Local News

September 6, 2009

Historical group protecting plots

There’s a plot of land off South Dixie Road that seems empty — but it’s not.

There are no markers, no fences, nothing to indicate it’s a cemetery except a few places where the ground has sunken in a little.

“I wouldn’t have known it was a cemetery,” said Mitch Adams, a senior GIS (Geographic Information Systems) technician for Whitfield County. “I only know it’s one because Marvin (Sowder) told me it was and because there are indentations in the ground.” Sowder is a local history enthusiast.

Members of the Whitfield County Historical Preservation Commission were concerned some of the county’s cemeteries might be lost to development if they’re not recorded. Adams and Sowder are working to map the county’s burial sites so that anyone with a GPS (Global Positioning System) can find them. They are beginning with the ones in the most danger of being lost, such as unmarked sites and those in pastures and in wooded areas.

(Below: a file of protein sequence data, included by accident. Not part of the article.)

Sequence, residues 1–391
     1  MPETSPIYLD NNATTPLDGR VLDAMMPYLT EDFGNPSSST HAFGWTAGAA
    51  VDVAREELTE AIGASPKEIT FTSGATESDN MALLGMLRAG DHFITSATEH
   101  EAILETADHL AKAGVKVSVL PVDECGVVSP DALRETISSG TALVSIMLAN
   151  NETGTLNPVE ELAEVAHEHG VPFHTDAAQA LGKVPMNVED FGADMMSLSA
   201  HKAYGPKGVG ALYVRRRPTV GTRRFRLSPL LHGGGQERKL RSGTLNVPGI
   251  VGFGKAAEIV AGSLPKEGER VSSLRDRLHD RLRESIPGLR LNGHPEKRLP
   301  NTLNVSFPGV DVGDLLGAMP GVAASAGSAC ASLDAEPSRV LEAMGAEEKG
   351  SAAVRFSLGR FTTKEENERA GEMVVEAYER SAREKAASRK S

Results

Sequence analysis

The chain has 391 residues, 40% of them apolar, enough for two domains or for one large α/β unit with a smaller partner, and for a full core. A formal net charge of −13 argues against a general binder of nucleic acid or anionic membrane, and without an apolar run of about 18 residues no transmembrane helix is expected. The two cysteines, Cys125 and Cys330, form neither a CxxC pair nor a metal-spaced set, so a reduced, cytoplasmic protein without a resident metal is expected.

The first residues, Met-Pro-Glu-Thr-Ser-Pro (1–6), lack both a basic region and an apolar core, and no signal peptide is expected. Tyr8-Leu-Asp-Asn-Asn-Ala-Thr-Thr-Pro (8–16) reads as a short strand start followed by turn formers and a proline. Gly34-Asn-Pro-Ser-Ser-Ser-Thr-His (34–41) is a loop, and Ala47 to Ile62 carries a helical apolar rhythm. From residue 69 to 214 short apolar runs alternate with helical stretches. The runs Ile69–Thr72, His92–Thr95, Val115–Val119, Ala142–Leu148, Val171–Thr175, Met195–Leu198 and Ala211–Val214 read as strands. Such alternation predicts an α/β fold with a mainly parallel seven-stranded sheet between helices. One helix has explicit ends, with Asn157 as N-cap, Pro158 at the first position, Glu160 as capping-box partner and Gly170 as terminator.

The project does not record who is buried at each site, only the name of the cemetery. There is a book released by the Whitfield-Murray Historical Society that records who is buried at each site.

Sowder helped create maps of each of the county’s cemeteries for the Whitfield-Murray Historical Society several years ago, but they did not have access to the technology that allows them to record the sites using GPS.

“We need to have (burial sites) recognized and marked so they are not lost,” Sowder said. “These people, even though they are dead, they have rights.... They need to be preserved and respected.”

Adams said the information will be used by county officials to create a map to determine where people can build. For example, if a developer submits plans for a subdivision, county officials will be able to easily see if the new development would disturb a burial site.

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